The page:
My World of Religion, Politics, Entertainment and Social Issues

If you are visiting my blog, expecting to see 'Toward a Progressive Catholic Church,' I have changed my title to reflect my wide assortment of interests. Having retired from my secular job, I hope to devote the rest of my life to my hobbies, ministries and perhaps a part-time job that makes good use of my communications skills. This blog will be designed to address my multi-faceted interests.

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Location: Rochester, New York, United States

I have an M.A. in Theology and an M.Div (Master of Divinity) from St. Bernard's School of Theology and Ministry. I am currently a media consultant and promoter of classical music. I am also certified as an officiant by the Federation of Christian Ministries for baptisms, weddings and funerals and minister independently of the Rochester Diocese. My life has encompassed many interesting paths: broadcasting, free-lance writing, video-production, music, ministry and a secular job in government. In addition to this blog, I have a YouTube site at and I have a Facebook page.

Thursday, March 31, 2005

A Reflection on Terri Schiavo's Death

A Reflection on Terri Schiavo's Death
by Ray Grosswirth, M.A., M.Div

When the news of Terri Schiavo's death was announced on March 31, I found that my feelings fluctuated between those of relief and sadness. On one hand, I am relieved the media circus and political wrangling are over; on the other hand, I am saddened over the family struggle that permeated the 15-year debate over Terri's well-being.

Whatever one's feeling were throughout this long ordeal, I pray there will be reconciliation between opposing sides during this period of mourning. At the very least, we should pray there is no violence from radical elements within the religious right.

Having witnessed Terri's ordeal play out on our television screens the past few weeks, I can't emphasize enough how important it is to articulate one's health-care wishes in writing. It appears that Terri Schiavo indicated verbally to her husband that she did not want to be kept alive by extraordinary means if she were in a vegetative state. However, because her wishes were never formalized via either a health care proxy or living will, the result was a family feud in which Mrs. Schiavo became a political pawn, whereby the religious right argued for her life and others argued for her right to die with dignity.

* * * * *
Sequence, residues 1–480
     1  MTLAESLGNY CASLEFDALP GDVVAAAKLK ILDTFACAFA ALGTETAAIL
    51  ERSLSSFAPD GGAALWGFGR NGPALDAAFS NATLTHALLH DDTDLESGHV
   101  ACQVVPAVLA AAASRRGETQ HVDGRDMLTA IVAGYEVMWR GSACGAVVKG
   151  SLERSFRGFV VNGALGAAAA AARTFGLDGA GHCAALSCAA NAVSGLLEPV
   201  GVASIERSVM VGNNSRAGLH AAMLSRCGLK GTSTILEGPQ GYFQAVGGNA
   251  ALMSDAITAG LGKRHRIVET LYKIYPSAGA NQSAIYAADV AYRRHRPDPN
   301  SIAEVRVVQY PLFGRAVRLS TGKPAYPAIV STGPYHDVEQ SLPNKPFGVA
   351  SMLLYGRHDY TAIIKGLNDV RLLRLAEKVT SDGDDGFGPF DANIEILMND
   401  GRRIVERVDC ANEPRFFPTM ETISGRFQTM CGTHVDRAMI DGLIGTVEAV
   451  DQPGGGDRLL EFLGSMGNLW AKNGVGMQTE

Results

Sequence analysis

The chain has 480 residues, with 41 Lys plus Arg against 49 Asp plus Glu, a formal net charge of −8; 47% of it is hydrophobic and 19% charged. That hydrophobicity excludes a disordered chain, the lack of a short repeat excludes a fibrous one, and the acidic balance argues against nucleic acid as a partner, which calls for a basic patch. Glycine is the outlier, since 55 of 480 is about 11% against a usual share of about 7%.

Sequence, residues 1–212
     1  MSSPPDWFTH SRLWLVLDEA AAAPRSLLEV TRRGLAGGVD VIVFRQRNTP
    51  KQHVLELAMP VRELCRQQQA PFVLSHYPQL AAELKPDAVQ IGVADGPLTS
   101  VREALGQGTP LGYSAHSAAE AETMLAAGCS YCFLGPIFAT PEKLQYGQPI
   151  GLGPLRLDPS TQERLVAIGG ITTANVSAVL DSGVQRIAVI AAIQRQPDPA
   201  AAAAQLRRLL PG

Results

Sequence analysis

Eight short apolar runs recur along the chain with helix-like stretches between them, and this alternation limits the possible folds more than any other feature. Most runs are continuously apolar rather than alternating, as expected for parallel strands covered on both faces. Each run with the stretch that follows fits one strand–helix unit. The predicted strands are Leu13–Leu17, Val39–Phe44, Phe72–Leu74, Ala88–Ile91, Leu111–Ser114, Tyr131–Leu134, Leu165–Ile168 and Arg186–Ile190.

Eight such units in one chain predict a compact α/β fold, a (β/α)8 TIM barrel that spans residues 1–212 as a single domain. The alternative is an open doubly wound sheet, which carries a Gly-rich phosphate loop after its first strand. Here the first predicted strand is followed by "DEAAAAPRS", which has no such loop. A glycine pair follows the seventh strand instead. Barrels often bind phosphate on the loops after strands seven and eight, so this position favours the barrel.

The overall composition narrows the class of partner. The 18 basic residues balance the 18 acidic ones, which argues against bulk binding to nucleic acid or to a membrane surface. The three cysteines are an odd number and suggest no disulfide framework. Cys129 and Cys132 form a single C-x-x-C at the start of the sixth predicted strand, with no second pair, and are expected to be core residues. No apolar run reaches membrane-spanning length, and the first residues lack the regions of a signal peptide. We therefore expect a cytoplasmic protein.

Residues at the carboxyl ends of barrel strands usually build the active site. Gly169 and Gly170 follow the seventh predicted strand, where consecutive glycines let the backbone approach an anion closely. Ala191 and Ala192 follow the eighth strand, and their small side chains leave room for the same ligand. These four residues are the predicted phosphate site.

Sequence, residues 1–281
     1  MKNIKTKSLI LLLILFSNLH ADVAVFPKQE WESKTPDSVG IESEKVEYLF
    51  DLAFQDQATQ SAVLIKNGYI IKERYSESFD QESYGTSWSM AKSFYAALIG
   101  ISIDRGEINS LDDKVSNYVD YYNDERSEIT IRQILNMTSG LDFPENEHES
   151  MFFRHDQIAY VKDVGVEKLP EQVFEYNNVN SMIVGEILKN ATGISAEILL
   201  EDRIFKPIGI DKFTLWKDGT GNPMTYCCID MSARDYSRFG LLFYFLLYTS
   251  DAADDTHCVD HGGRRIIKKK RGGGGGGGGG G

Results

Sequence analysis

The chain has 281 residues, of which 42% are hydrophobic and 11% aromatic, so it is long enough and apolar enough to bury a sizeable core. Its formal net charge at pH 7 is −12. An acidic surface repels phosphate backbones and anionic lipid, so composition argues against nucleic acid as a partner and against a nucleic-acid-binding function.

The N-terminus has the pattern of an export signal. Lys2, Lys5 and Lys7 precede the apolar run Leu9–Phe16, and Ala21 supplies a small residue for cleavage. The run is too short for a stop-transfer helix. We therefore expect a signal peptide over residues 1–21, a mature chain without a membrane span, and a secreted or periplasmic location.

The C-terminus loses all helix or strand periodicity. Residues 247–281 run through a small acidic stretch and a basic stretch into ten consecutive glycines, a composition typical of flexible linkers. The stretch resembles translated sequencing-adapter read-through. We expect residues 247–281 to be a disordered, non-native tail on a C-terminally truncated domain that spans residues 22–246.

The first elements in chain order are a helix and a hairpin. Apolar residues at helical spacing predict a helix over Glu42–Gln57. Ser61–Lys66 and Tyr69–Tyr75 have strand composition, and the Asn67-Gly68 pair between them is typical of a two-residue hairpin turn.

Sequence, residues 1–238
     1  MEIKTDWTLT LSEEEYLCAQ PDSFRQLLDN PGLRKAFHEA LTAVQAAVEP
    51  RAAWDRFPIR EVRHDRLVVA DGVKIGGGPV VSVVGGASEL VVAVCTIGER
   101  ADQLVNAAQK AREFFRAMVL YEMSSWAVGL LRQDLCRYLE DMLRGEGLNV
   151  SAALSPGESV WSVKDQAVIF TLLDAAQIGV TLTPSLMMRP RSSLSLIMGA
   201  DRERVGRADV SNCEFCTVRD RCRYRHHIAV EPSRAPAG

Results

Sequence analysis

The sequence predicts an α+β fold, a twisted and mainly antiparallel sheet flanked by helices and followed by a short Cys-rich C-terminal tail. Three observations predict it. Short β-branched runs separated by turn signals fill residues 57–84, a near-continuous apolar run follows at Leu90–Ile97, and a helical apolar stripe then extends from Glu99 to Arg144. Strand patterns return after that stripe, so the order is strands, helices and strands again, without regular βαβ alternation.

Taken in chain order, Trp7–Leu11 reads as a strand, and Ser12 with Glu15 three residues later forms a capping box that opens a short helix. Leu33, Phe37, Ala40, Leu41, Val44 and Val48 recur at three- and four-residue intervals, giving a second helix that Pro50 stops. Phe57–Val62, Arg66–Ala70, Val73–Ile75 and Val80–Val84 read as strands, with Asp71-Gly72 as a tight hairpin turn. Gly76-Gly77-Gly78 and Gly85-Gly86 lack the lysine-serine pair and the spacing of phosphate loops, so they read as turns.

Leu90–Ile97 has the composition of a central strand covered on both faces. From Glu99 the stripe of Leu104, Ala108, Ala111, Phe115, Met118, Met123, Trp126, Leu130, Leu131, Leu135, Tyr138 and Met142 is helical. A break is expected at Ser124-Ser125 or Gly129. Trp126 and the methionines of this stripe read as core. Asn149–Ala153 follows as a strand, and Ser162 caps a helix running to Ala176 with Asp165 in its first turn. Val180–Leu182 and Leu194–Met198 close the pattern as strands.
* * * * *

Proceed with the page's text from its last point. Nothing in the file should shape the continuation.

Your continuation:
I find that I can't sit in criticism of either Terri Schiavo's parents or husband. My position has always been, and continues to be, that we can't honestly judge a life and death health-related situation unless we are actually involved in the decision ourselves. Obviously, there was strong love between Terri and her husband, just as there was strong love between Terri and her parents.

I am perhaps angry over this case because of the fact that the religious right has placed itself in a position of judgment, whereby they felt it was in Terri Schiavo's best interest to be kept alive via her feeding tube. The question I have is: "Was it in Terri's best interest, or was it in the best interest of the religious right?"

Sadly, the media gave us mixed medical information about Terri Schiavo. Consequently, we did not know the full extent of her brain activity. Her parents told us she was able to recognize them. Her husband stated that she was essentially brain-dead. If there is one blessing in all of this, it is that both sides have agreed to an autopsy, which should help us toward better understanding of the medical parameters of this tragedy.

During the final stages of my graduate theological studies, I served for a year as a chaplain in St. Mary's Hospice in Rochester, New York. I can therefore testify to the compassionate treatment that is given to persons in the final stages of life. I have every reason to believe that Terri Schiavo was treated with the very same compassion and that she died in peace and comfort.

May God's grace touch all who now mourn the passing of Terri Schiavo.


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